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Asher Guitars WD Music Products Amplified Parts Mod Kits DIY Nordstarnd Pickups Warmoth.com

Build #3, Thread #1: My New Thinline Bass Guitar

Discussion in 'Tele Home Depot' started by Freekmagnet, Mar 13, 2017.

  1. Freekmagnet

    Freekmagnet TDPRI Member

    79
    Dec 7, 2015
    Ventura County, CA
    Tonight was the first night in about a week that I've had a chance to work on this project. What happened was this: I drilled the jack hole in the wrong place. D'oh! Somehow along the way, it got moved on my body template. I'm a little baffled only because a big part of my day job is keeping track of graphic files and knowing what changes have been made on what file is pretty much what I do all day. Small mistakes are expensive. Somehow, I moved the moved the jack hole on the template and didn't realize it until after I drilled the hole. Anyway, I found some maple screw plugs at Woodcraft. I epoxied it in there and while I was at it, I spread a really thin layer of epoxy over the interior side to seal it. I used an old credit card. I was surprised by how much the maple soaked it in. I'll let it dry and sand tomorrow.

    [​IMG]

    OK, now the interesting part(s). First off, I bought this neck blank from Bruce for a very reasonable price. It had been unclaimed and had been laying around his shop for a while. It needed a home and I was more than happy to oblige. In addition, LMII now has Richlite and Rocklite fingerboards sized for bass. Bruce and I negotiated a little deal; he wanted to do some R&D using the Rocklite boards and I wanted a neck blank. I got the board and he's gonna radius it, cut the slots, mount it and cut the outline out. I'll carve the shape out of the blank.

    The LMII Rocklite fingerboards are actually for 5-string boards, but they can be cut down. They have 4-string Richlite boards. Works for me. I'll drop it off tomorrow.

    Here's a shot of the blank, the board and my headstock template.

    [​IMG]

    The Rocklite is pretty cool. It really looks and feels like a piece of wood. The color really knocks me out. Right now, I'm seeing this bass in a Sonic Blue with a medium brown mahogany back and sides. I'm trying to find a 3-ply Wildcat Orange pickguard blank, but I don't think that's going to happen.
     
    Last edited: Sep 28, 2017

  2. reddy2300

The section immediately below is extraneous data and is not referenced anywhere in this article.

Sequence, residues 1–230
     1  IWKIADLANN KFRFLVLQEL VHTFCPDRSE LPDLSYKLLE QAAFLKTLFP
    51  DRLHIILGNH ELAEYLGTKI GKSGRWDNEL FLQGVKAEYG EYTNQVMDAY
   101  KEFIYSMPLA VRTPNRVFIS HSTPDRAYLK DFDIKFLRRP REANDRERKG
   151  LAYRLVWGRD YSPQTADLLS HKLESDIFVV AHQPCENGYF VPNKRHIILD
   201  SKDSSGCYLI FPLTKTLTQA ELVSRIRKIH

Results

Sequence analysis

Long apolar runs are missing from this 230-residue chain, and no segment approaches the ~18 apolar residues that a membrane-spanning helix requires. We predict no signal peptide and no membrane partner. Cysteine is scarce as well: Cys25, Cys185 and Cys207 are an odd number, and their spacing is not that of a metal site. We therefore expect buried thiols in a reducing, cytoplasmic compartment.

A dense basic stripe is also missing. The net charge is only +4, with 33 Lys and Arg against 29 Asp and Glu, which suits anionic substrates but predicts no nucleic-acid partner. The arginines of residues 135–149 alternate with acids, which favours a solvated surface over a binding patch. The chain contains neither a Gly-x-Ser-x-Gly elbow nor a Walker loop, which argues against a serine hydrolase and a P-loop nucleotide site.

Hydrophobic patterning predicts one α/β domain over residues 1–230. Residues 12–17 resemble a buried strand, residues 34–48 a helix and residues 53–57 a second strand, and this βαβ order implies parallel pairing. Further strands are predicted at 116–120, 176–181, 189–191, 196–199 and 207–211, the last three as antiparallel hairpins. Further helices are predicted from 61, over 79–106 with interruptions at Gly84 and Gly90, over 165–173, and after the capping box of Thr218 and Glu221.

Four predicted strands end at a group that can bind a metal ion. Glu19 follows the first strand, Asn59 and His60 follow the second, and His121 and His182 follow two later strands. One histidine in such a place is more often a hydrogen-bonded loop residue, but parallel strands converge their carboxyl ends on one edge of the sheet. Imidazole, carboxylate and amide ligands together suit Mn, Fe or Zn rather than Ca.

reddy2300 TDPRI Member

    Age:
    48
    46
    Aug 25, 2017
    Dublin, Ohio
    As far as body thickness is concerned, why not add a 1/16"-1/8" thick strip of another piece/type of wood between the maple cap and mahogany body? That would be a perfect opportunity to dye it a bold color to make it look like colored binding. You could color coordinate it with whatever paint colors you decide to use on the front. It will look very intentional, then.

    I plan to do that on a build in the future.
     
    Freekmagnet likes this.

  3. Freekmagnet

    Freekmagnet TDPRI Member

    79
    Dec 7, 2015
    Ventura County, CA
    That's a really good idea. My main concern with the thickness is that it needs to be deep enough to hold the pickup, height screws and all. If it ends up being a problem, I may do just that. If not, I'll just let it go. 1 7/16" is close enough.

    I've kind of been into thinner bodies lately. I've been looking at SGs and a couple of Rickenbacker basses, and I'm starting to like how easy they handle. I need to sit down and draw up a new cross section. If I can, I'd like to go even thinner on my next build.
     

  4. Freekmagnet

    Freekmagnet TDPRI Member

    79
    Dec 7, 2015
    Ventura County, CA
    Today was the big glue-up and cut-out day. First off, I epoxied a little reinforcement plate to the inside top. I cut it out of 28ga stainless steel.

    [​IMG]

    The chatter marks I strategically placed in such a way that they'd be in the waste area. I filled and sanded them for good measure.

    Next, I applied West Systems Epoxy to both boards, mated them and clamped them. I used those little steel dowel pins to register them.

    [​IMG]

    I allowed the epoxy to cure for twelve hours and took the clamps off. I'm going to have to do some epoxy clean-up, that's for sure!

    [​IMG]

    I rough-cut the body shape out with a coping saw. I pinned the template on to the front and used it as a guide. It took me 2.5-3 hours to cut the shape out by hand. I seriously need to think about getting a band saw.

    [​IMG]

    And here's the shape all cut out. I may or may not get to routing it tomorrow. It's 5:00 AM now, and I'd have to put my router back together. We'll see.

    [​IMG]

    And here's today's speed bump. I put a straight edge onto the top to check my work, and it looks to me that the hollow sections, especially near the cavities, are sagging a little. I don't know why and I'm not sure how to address it yet. It's only about 1/64", but I shot the picture at an angle that makes it look like there's a huge gap there. In the future, I suppose I should consider some kind of reinforcement, although such a small cavity doesn't seem to warrant much support. In the meantime, I'm thinking about busting out the router sled and run the mortising bit over it once or twice to try and clean it up. If anybody has any brilliant ideas, by all means let me know.

    [​IMG]
     

  5. Freekmagnet

    Freekmagnet TDPRI Member

    79
    Dec 7, 2015
    Ventura County, CA
    [​IMG]

    Clothes iron pressing a damp washcloth them clamping the top with aluminum plates and a welding clamp small and long enough to fit in the cavity yet strong enough to make a difference? Seems to be working. I have to hit each cavity in small sections. I may have one side done by the end of the day. I still may have to re-level the top, but it won't be nearly as drastic.
     

  6. guitarbuilder

    guitarbuilder Doctor of Teleocity Silver Supporter

    Mar 30, 2003